Village Voice - October, 2005


Working with the victims of Hurricane Katrina has been very rewarding for me. The victims of Hurricane Katrina will experience many of the same battles that I had to face as a victim violent crime. As I listen to many of their stories, I am reminded of many of the feelings I had to struggle with.  Every aspect of a person’s existence is threatened when they are victimized. Receiving appropriate spiritual support is very important during the recovery process. Constant prayer inspired me to discover a path through this maze to healing and transformation. Personal battles with faith, forgiveness and grace gave rise to deep spiritual growth: growth that inspired the development of an effective method to help victims achieve healing through the pursuit of True Justice.  A support group for victims of disaster has been started to help them on their journey to recovery. Mental health counselors have agreed to work with those who might need it.  Some of the steps along the journey to healing are listed below.

Listening with Caring

In a time of pain and crisis, we hope for words that will bring us comfort, and we cry for understanding. There is a need to have our feelings validated. We need to feel accepted, heard and understood in a caring way. Listening with caring means being silent and not interrupting as they express their pain, anger, confusion or frustration. It is critical to listen for clues to this person’s strengths and important life experiences so that you will be able to come back to these in the future.   Look for evidence of other times when their use of faith was meaningful.  Look for the strengths (personal, family, or social strengths) that sustained them through other traumatic events.  Look for times when God was significant in their life.  These are vital tools that they will need once they choose to work toward healing.

Awaiting an Invitation

If we want to help the victim to regain a clear perspective of their spiritual life, we must wait to be invited into the discussion. While they share their story with us, we look for moments when they shift to speaking in the present or future tense. Often the question, “Why did this happen?” is an invitation to join in the discussion. Or they may ask, “What do you suggest?” Sometimes they will simply shake their heads and ask if there is any hope, and this is your invitation to enter into the discussion.

Shifting Focus to the Solution

Once there is an invitation to participate in the discussion, someone with faith, courage and a vision of hope to share can be the inspiration for renewed hope, healing and transformation. Grieving is a process of repairing and reconstructing one’s life. It takes time, effort, preparation, patience and persistence; it takes deliberate steps of courage to do.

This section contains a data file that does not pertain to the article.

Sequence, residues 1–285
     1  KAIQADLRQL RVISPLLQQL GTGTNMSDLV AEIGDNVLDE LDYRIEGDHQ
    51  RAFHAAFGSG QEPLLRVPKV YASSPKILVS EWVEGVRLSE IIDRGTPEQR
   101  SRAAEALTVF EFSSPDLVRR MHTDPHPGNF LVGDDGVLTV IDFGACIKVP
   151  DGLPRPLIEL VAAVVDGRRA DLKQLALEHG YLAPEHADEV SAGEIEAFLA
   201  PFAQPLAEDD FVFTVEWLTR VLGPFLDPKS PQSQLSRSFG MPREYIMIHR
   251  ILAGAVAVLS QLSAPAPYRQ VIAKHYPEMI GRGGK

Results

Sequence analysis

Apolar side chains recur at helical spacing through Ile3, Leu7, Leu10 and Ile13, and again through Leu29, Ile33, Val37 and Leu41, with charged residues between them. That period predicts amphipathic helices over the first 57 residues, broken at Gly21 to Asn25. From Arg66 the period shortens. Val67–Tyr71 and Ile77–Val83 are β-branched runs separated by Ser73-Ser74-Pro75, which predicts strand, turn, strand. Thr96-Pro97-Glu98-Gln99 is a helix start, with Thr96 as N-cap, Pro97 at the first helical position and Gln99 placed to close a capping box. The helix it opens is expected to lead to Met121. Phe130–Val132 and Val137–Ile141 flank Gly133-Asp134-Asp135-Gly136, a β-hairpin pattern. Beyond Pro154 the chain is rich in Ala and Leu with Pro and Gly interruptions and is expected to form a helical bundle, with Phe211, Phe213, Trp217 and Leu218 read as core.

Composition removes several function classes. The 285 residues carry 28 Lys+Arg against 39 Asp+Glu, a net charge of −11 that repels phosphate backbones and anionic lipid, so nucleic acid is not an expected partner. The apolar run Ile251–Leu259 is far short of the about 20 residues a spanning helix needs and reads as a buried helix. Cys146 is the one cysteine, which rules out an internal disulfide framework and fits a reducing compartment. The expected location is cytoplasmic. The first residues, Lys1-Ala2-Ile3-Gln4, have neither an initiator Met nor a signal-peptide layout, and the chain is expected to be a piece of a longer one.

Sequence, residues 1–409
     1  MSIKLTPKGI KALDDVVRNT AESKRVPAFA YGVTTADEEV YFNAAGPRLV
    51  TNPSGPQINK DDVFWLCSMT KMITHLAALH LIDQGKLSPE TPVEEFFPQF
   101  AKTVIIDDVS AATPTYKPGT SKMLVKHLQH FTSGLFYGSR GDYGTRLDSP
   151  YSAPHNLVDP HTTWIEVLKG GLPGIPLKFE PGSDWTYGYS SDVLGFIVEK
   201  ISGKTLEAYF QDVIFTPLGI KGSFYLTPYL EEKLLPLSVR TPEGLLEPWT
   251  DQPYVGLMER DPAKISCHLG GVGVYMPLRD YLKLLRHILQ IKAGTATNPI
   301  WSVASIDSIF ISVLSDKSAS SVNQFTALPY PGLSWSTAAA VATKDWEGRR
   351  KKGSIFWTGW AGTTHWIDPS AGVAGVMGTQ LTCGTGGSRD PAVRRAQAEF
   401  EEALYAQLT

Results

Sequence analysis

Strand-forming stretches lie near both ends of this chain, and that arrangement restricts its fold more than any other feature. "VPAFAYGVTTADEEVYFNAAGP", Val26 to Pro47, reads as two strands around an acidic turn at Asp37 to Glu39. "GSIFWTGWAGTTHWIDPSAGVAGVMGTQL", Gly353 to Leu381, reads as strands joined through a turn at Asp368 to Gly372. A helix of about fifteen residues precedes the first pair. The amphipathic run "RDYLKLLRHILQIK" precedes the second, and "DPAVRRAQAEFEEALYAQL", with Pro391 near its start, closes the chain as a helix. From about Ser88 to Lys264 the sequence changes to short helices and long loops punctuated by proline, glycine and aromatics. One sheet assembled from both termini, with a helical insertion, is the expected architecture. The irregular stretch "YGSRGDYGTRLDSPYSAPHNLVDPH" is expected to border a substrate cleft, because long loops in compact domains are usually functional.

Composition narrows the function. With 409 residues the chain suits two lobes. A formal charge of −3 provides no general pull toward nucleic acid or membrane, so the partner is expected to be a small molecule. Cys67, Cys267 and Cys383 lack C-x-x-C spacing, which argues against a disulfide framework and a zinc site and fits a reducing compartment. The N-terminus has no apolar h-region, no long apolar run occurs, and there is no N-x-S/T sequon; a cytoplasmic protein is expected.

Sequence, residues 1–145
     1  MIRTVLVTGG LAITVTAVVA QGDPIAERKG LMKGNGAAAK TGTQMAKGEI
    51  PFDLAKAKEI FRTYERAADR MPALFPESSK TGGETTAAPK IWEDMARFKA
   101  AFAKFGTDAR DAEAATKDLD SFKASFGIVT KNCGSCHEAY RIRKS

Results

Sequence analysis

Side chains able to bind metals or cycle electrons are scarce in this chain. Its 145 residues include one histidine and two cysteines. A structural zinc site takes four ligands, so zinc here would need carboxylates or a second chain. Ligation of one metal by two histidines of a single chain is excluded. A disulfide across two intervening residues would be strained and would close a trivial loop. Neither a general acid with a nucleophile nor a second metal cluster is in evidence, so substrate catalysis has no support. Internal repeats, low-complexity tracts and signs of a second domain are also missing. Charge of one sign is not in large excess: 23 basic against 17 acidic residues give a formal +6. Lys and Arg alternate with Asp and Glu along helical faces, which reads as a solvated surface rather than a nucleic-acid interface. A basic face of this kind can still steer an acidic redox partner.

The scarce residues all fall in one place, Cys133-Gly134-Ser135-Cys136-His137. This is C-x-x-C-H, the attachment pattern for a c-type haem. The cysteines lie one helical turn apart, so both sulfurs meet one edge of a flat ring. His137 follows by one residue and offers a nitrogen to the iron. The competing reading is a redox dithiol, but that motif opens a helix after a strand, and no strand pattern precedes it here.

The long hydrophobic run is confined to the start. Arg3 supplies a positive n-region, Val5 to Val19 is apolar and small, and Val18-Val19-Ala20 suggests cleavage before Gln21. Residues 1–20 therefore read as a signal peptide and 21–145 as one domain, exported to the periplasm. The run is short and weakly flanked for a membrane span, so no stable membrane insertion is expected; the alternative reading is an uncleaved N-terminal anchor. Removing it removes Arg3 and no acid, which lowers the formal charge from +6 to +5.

Spiritual development begins at first contact.  The problem with helping victims to experience spiritual growth isn’t when to start, but how to start. People experiencing loss can be expected to express feelings of anger or frustration. Expressing these feelings and emotions is essential to the process of healing. People who are grieving have a deep need to feel they are being heard. And although their initial concentration is primarily on the problem, this does not change the fact that the solution, too, is within them.

Attentive listening, looking for clues to where this person’s greatest strengths lie, patience, and the ability to recognize the invitation to offer help when it comes - these are all skills that can help us aid the victim in their spiritual development and, ultimately, in their development of renewed healing with the painful realities of loss. 

Victims of Hurricane Katrina have a long, painful journey ahead.  There must be healing in all areas of their lives.  As ministers and victim service providers, we use this foundation of spiritual development as the basis for a holistic approach that nurtures and supports healing in all areas of a person’s life: physical, mental, social, spiritual and financial.  Helping as well as healing takes time, effort, preparation, patience and persistence; it takes deliberate steps of courage to do.

                                                                                                -- Rev. Wayne Price

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